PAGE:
India Pakistan Move to Open Historic Border Crossing for Sikhs
This temple, the final resting place of Sikhism founder, is only four kilometers from India’s border.
But the lack of a border crossing means, thousands of feet pilgrims have to take a long route,
first to the Pakistani border city Lahore and then a three to four hour journey from there to get here.
Or they have to contend with a distant glimpse from a viewing stage across the border.
On the other side, they have binoculars installed so pilgrims who come there they see the Gurdwara and paid their obeisance through the binoculars.
But next year before the five hundred and fiftieth birth anniversary of Sikh founder Guru Nanak,
the governments of India and Pakistan have promised to open a new border crossing.
Pakistan’s prime minister Imran Khan laid the foundation stone Wednesday on the Pakistani side.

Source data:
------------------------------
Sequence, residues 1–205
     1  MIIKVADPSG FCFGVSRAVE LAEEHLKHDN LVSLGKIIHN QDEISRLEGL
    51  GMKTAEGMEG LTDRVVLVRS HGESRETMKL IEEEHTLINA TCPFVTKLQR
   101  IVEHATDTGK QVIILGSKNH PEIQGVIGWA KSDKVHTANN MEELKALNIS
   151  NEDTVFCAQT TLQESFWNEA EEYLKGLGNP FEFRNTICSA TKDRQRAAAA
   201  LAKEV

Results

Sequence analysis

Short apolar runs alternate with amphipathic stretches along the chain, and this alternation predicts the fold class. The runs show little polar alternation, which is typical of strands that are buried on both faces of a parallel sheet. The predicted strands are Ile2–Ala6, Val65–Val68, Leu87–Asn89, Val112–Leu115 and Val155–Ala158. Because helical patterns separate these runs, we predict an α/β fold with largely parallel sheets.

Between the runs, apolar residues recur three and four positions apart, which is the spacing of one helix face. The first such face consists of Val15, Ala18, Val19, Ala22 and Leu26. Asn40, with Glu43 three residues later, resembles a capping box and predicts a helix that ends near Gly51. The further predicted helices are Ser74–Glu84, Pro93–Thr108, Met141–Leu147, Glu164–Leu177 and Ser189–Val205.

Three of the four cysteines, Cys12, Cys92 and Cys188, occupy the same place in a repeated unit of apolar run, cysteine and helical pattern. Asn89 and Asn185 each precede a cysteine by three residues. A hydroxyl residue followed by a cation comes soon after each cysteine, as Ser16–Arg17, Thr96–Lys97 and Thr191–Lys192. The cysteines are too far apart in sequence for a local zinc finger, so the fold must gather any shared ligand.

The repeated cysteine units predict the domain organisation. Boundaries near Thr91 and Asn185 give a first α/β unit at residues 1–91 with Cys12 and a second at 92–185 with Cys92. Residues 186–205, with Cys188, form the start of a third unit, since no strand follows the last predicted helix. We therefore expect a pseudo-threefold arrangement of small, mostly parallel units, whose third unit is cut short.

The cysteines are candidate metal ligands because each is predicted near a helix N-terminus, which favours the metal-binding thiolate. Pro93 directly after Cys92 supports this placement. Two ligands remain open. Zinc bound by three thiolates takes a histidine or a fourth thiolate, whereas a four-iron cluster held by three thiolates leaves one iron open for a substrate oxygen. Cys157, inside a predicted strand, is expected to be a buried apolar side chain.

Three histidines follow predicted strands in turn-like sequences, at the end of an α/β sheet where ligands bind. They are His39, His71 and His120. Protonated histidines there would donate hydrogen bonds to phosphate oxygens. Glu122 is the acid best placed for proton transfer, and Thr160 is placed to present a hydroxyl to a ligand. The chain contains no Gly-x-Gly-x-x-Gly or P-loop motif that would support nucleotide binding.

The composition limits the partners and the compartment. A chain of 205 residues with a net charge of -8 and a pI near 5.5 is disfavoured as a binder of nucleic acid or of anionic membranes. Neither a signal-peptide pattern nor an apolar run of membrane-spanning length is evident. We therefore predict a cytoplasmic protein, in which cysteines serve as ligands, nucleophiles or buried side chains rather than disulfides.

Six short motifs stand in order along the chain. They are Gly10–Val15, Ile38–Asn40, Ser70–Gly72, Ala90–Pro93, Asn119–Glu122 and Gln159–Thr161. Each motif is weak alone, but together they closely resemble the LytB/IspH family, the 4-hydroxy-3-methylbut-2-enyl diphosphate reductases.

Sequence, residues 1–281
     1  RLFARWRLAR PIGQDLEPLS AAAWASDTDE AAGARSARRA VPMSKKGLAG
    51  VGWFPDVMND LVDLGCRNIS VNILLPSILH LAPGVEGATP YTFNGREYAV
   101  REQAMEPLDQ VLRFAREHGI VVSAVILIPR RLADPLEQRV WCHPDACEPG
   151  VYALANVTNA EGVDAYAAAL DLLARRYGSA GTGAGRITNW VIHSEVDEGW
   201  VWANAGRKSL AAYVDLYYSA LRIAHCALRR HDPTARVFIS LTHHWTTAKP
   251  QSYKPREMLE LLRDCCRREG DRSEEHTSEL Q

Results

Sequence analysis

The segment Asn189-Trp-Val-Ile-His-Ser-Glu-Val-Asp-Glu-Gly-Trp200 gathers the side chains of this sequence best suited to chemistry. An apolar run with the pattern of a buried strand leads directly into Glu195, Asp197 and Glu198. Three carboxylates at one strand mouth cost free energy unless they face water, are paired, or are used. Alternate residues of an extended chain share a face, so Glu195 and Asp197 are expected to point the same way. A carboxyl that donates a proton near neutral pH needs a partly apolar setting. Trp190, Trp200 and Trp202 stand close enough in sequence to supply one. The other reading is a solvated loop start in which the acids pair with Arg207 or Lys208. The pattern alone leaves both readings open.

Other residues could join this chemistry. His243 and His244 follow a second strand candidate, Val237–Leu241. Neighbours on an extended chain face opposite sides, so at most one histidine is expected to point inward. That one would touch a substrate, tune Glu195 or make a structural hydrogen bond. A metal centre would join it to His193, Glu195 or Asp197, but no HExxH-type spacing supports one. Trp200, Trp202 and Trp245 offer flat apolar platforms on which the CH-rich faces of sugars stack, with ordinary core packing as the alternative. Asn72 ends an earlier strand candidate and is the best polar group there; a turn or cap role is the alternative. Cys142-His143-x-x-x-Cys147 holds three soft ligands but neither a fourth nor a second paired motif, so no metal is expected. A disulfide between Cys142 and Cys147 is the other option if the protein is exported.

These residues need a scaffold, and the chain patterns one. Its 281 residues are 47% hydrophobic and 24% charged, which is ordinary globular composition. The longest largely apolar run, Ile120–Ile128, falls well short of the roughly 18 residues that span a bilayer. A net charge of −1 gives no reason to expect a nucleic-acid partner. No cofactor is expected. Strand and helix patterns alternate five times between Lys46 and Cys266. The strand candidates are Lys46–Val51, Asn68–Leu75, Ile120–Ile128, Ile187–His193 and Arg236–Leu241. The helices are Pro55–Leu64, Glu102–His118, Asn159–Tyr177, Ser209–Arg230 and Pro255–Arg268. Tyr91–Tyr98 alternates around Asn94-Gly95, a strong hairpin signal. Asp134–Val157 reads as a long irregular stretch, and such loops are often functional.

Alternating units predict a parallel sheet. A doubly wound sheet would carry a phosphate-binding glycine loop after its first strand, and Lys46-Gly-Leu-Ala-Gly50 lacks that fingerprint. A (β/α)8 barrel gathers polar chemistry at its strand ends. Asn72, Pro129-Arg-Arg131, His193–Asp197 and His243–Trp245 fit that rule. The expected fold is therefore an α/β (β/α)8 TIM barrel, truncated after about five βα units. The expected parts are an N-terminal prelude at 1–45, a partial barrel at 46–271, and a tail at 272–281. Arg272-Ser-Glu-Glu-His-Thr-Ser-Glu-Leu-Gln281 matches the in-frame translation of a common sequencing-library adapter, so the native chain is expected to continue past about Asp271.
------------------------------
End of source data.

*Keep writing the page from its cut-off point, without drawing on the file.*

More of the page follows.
According to the plan Indian pilgrims will arrive at a border terminal complex to receive special permits for visa-free entry for the holy shrine.
Special buses from the terminal complex will take them to the shrine and back along the 4 kilometer fenced corridor.
The gesture is raising hopes that the two sides who are going through a downturn in their roller coaster relationship
will use access to the shrine as an impetus to turn their relationship around.
But analysts caution against high expectations.
We’re seeing that opportunities created for engagement
but I don’t think that the kartoffel corridor which is essentially a faith corridor can become something larger unless there is a political will for that.
In his address at the ceremony Hahn said the two nuclear-armed neighbors have no choice but peace.
At the same time he pointed to Kashmir as a main dispute that needs to be resolved .
Meanwhile Indian politicians have hailed the opening of the corridor but continued to accuse Pakistan of supporting terrorism on Indian soil .
I am Shedolm Shin VOA news Karachi Pakistan
我是Shedolm Shin， 美国之音，巴基斯坦克拉奇